An incredible useful and exceptional easy to use function that also allows you to send headers and attachments, allows plain text sending and html messages and quite a few other options!

https://codex.wordpress.org/Function_Reference/wp_mail


WordPress Human Time
human_time_diff( $from, $to )

A feature to mimic twitter like time display. Instead of outputting the time in a basic format you can display it like this:

Kriesi posted 13 hours ago

https://codex.wordpress.org/Function_Reference/human_time_diff

 

WordPress get comments
get_comments()

Sometimes its neccessary to retrieve the comments outside of the comments loop like I did with the Avia Feedback Box Plugin, where comments are displayed via ajax. This function helps you in doing so ;)

https://codex.wordpress.org/Function_Reference/get_comments
WordPress validation of strings

wp_kses($string, $allowed_html, $allowed_protocols);

wp_kses is a very usefull function when it comes to sanitizing untrusted user input. This function makes sure that only the allowed HTML element names, attribute names and attribute values plus only sane HTML entities will occur in $string.

https://codex.wordpress.org/Function_Reference/wp_kses

 

WordPress text transformation
wptexturize()

A text transformation function that converts commonly used strings into the typographical correct signs. Used for dashes, ellipsis etc and will also add typograpic quotes to certain phrases.

https://codex.wordpress.org/Function_Reference/wptexturize

wpautop()

The last text transformation tool on the list is used by wordpress to ad

tags to a string by replacing double
tags

https://codex.wordpress.org/Function_Reference/wpautop
WordPress Shortcode API

add_shortcode(), do_shortcode()

add_shortcode() is an easy way to create macros for your post content. for example lets say you want to wrap some content inside the post area within a div with some additional classes and ids that allows you to create multiple columns. you could of course just switch to the html editor and enter

Content goes here


Easier and more convenient especially if you are dealing with customers who dont know html would be a shortcode solution within your functions.php file:

function column_shortcode( $atts, $content = null ) {
   return '
';
}

add_shortcode('one_third_column', 'column_shortcode');

You could then use this shortcode in your post content:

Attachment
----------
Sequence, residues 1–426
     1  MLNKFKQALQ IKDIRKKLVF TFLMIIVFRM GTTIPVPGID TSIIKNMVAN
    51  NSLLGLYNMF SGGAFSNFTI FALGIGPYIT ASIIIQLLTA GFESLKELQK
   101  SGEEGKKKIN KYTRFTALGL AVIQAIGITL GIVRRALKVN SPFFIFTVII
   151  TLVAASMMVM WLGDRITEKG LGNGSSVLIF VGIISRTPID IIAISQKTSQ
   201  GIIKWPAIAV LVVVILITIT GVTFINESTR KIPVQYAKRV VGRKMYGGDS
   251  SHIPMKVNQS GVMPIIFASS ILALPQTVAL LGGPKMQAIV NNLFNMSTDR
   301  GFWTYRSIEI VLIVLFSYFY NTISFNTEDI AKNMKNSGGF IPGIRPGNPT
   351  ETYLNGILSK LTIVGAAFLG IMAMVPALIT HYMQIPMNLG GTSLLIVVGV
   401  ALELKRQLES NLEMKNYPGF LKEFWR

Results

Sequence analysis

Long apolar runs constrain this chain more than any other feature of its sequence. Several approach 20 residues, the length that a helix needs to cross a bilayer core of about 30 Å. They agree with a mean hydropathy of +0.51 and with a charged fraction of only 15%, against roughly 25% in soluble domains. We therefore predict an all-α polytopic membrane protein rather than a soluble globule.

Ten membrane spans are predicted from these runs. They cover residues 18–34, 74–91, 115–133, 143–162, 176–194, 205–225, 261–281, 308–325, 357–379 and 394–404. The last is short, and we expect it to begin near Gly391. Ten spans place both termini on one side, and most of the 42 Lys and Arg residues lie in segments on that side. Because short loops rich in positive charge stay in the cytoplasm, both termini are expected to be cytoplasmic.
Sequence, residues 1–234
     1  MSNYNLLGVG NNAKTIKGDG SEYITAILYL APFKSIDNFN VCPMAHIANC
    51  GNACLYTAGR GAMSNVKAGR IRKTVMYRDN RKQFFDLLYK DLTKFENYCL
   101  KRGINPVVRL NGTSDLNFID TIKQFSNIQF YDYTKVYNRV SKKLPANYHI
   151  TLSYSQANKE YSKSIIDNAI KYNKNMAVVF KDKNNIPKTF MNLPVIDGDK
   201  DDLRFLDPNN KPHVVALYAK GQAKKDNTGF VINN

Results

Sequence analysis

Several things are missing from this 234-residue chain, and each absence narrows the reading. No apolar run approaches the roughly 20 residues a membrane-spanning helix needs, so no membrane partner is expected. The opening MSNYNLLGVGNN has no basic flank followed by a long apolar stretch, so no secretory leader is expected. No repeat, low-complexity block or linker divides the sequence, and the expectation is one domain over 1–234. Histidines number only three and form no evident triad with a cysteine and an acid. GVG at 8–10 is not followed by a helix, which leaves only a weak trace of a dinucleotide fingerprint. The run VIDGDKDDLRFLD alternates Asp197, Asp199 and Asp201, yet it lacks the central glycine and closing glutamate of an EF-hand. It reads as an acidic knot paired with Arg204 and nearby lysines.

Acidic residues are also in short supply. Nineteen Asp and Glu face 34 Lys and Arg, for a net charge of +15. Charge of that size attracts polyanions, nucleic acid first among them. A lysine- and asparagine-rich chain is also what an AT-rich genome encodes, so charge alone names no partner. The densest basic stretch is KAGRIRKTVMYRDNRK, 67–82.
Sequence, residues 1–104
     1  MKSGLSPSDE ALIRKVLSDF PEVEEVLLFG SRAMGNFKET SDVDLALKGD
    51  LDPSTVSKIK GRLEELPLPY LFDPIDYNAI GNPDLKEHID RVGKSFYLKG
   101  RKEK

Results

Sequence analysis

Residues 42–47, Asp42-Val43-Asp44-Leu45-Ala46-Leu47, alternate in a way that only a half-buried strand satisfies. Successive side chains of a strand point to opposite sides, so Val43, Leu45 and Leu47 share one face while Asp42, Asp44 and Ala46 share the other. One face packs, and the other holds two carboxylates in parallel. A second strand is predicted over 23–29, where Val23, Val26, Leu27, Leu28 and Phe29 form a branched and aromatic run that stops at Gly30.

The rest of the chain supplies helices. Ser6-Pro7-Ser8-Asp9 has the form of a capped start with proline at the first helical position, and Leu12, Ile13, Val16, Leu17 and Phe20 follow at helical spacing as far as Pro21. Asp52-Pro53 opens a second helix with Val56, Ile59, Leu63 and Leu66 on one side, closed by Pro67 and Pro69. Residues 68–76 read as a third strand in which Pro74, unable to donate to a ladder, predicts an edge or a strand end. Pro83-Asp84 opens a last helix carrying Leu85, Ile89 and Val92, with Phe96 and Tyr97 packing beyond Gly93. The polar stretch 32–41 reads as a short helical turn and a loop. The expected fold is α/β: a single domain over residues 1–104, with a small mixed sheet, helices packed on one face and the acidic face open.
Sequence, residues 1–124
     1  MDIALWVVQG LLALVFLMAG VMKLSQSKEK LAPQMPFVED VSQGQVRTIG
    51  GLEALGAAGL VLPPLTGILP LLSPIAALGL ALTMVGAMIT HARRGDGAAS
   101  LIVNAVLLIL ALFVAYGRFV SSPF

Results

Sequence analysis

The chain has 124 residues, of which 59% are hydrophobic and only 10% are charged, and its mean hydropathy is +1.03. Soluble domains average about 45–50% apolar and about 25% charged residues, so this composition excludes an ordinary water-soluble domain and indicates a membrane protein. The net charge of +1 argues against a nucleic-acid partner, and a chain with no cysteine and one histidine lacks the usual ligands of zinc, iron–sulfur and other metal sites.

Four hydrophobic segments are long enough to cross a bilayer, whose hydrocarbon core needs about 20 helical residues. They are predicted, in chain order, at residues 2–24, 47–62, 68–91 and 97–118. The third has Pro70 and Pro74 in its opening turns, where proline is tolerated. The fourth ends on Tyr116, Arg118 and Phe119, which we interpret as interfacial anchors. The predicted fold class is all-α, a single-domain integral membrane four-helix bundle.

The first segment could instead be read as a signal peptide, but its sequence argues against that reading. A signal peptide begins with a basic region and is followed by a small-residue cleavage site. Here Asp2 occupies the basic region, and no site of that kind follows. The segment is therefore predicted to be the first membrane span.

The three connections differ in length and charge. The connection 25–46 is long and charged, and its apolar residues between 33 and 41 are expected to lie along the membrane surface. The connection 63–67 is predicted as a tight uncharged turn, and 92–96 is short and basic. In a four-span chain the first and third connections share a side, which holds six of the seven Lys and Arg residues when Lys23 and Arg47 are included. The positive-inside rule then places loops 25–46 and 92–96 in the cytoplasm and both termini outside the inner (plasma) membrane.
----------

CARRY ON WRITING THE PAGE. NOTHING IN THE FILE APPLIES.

[one_third_column]Content goes here[/one_third_column]

If you would like to nest shortcodes within each other you would need to make sure to add the do_shortcode method to your function like this:

column_shortcode( $atts, $content = null ) {
   return '
';
}

https://codex.wordpress.org/Shortcode_API


Create WordPress post with a php function:
wp_insert_post()

This function inserts posts pages and custom post types in the database. It sanitizes variables, does some checks, fills in missing variables like date/time, etc. very handy when you need to create and insert posts by user input. This function fits perfectly if you have a front end form for example and users can suggest posts.

https://codex.wordpress.org/Function_Reference/wp_insert_post

 

Create WordPress comment with a php function:
wp_insert_comment()

Similar to wp_insert_posts this function inserts a comment. Might also come in handy ;)

https://codex.wordpress.org/Function_Reference/wp_insert_comment

 

WordPress Object Cache:
wp_cache_add(),  wp_cache_set(),  wp_cache_get(),  wp_cache_delete, wp_cache_replace(), wp_cache_flush

WP_Object_Cache is WordPress’ class for caching data which may be computationally expensive to regenerate, such as the result of complex database queries. If you care for theme and plugin performance you should definitley read the wordpress codex entry for this topic!

https://codex.wordpress.org/Function_Reference/WP_Cache

 

Kill wordpress execution:
wp_die()

An appropriate end for this post: the wp_die function

wp_die kills the WordPress execution and display HTML message with error message.

A call to this function complements the die() PHP function. The difference is that HTML will be displayed to the user. It is recommended to use this function only when the execution should not continue any further.

https://codex.wordpress.org/Function_Reference/wp_die